By John O'Hare
Our Northland Manager, Bill Edwards, led a training session with a difference recently.
PĒWHAIRANGI BAY OF ISLANDS: Staff of the Opua-based tall ship youth development programme, the R. Tucker Thompson Sail Training Trust, invited Bill in to hone their understanding of the history of the Bay of Islands.
According to Bill, “Staff on the R. Tucker Thompson were keen to continue to increase their knowledge about different aspects of the Bay of Islands’ unique history including European explorers and the Māori presence in the Bay which goes back centuries.”
“The Bay of Islands has it all – from sites where some of the earliest Polynesian settlement of Aotearoa is believed to have taken place, to Māori interaction with European explorers like Cook and Du Fresne – right through to European settlement culminating in the signing of Te Tiriti o Waitangi. The Bay is a microcosm of the story of human settlement in Aotearoa New Zealand.”
The ship’s crew were the primary audience for the training session – and for good reason according to Bill.
“The crew are the ones working closely with the youth of Northland delivering the youth development programme. To fund the youth work the not-for-profit Trust takes visitors to the Bay of Islands on sailing excursions every day during the summer tourism season.
“Ensuring that they are equipped with good information about the history of the area is vital so that these stories can be told with authenticity,” says Bill.
Many of the young people taking part in the voyages are local or have iwi connections to the area, lending further weight to the importance of Bill’s training. “Participation in this programme may provide an opportunity for them to engage with their heritage on a very personal level.”
Jo Lynch, the Trust's Chief Executive is happy with the arrangement. “We were delighted to have Bill Edwards join us to strengthen our understanding of the rich history in our rohe and moana. Storytelling is core to our kaupapa and we are able to connect our youth and summer guests in a deeper way to our bay through these stories.
“Once upon a time the Bay would have been busy with ships such as ours, sailed by both Māori and Pākehā traders and travellers alike. We want to be able to tell these special stories with care.”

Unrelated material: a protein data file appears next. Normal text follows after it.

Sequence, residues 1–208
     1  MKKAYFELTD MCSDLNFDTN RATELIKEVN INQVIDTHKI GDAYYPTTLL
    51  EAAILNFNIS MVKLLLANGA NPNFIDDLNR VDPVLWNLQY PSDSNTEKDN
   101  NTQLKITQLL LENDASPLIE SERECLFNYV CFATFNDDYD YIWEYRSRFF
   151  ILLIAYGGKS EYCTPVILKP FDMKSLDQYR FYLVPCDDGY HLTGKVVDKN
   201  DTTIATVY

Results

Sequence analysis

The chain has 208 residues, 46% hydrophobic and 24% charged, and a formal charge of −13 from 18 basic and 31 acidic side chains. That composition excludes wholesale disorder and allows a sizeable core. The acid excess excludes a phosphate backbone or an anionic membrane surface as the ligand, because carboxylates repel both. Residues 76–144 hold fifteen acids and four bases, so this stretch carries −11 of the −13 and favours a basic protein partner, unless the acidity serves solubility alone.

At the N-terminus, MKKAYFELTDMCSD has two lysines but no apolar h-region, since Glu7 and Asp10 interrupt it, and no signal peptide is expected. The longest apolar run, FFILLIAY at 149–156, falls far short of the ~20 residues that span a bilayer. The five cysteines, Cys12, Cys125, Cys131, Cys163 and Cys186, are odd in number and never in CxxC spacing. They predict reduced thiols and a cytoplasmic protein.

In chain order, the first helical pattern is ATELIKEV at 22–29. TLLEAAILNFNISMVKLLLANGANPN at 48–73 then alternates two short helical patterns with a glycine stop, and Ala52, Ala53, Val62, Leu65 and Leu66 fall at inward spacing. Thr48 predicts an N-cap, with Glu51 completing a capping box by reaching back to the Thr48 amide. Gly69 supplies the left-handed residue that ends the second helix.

Sailing on the Tucker is so much more than a boat trip according to Jo.
“The unique history of the Bay plays a very important part in the experience aboard, especially for our rangatahi Māori. Researchers from Otago University’s Psychology Department investigated the relationship between our trainees’ knowledge of the area and their sense of resilience.
“The findings suggested that for our trainees, an increased knowledge of the area positively impacted their levels of mental resilience. While an increase in knowledge about the Bay of Islands was positive for all our trainees, this impact was stronger for our Māori trainees. The findings suggested that for Māori youth, increased knowledge of their culture and area positively impacted their perceived levels of mental resilience. Teaching the history of the Bay is profoundly powerful, so we appreciate the help of Bill and Heritage New Zealand Pouhere Taonga.”
The Tucker is an important part of the local tourism industry and for its work with young people, and should be congratulated for being proactive in upskilling their staff in this way according to Bill.
“The ship has a strong reputation for professionalism and authentic story-telling, and this training session demonstrates their long-term commitment to this important kaupapa.”
Curious about the Trust’s work or sailing opportunities? Tack and jibe your way to their website.